Viola da Gamba

August 18, 2019, 1:38 PM · I'm curious why we don't see this amazing sounding instrument in modern orchestras? Especially for Bach sonata's? I'd imagine the 7 string bass viol would encroach on the ranges of cellists and double bassists alike but I'm sure a narrower range could be arranged for this instrument. The lows that come out of this viol have astounding resonance.

Replies (5)

August 18, 2019, 2:09 PM · Probably not enough players. Also I think the modern instruments make more sound?
August 18, 2019, 2:13 PM · They sound very loud and tonal to me
Edited: August 18, 2019, 2:44 PM · They're very niche instruments which are expensive to produce and maintain (look at all the strings on that puppy). So definitely no young kids with strapped-for-money parents getting gamba lessons for their birthday!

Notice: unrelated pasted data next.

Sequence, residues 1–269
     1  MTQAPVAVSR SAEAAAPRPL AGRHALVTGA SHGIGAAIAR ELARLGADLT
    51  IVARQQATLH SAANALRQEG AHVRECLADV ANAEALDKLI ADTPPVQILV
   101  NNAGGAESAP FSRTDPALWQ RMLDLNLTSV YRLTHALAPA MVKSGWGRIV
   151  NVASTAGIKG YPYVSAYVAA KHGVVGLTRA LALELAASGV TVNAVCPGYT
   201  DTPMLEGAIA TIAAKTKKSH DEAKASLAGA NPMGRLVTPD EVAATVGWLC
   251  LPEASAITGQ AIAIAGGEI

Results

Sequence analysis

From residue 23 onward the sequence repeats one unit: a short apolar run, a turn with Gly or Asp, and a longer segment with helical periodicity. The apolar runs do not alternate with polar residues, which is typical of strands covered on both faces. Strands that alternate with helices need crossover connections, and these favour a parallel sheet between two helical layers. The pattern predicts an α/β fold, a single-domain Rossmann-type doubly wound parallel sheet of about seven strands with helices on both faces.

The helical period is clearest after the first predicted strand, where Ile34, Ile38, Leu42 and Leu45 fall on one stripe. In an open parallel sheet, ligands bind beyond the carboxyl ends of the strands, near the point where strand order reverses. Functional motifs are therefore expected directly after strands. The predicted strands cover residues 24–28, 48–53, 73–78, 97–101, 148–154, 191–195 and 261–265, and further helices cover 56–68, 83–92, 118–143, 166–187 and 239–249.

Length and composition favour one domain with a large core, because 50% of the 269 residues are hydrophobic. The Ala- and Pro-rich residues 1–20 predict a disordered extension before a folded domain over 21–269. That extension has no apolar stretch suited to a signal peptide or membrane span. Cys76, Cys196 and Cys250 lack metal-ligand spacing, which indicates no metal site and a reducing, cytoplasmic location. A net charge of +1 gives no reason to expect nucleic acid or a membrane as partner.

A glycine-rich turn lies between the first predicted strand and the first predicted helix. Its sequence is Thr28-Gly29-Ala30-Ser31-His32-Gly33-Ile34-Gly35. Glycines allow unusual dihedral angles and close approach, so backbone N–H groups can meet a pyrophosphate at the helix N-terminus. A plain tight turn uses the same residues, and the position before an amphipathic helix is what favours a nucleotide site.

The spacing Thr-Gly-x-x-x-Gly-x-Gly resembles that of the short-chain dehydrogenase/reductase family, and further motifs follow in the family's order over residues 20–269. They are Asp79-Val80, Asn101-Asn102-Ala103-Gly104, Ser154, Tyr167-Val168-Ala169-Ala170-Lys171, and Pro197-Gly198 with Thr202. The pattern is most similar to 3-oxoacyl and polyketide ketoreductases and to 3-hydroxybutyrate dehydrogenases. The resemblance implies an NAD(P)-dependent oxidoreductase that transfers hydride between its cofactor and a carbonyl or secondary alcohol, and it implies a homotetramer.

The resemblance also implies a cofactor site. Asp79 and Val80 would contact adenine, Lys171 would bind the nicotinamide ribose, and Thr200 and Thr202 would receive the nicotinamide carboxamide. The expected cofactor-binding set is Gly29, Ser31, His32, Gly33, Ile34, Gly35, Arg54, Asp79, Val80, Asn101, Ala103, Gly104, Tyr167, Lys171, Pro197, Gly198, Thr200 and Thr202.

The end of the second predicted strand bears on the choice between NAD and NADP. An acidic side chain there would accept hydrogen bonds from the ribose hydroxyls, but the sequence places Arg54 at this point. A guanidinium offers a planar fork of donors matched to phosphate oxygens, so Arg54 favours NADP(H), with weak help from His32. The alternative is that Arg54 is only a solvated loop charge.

They weren't made for modern repertoire either, as they're usually tuned to a chord and playing fast & intricate passages on a gamba is much harder than on a cello. Also, they're very quiet.

Admittedly I like the gamba as well, but it has no place outside of small chamber groups.

August 18, 2019, 3:27 PM · Maybe they just seem loud because most videos have them in an open hall, large room or church

August 18, 2019, 7:28 PM · Lots of old instruments do not appear in the modern orchestra. the theorbo, for instance. In the context of historical performance, one does often find a gamba used in ensembles for 17th c. music:

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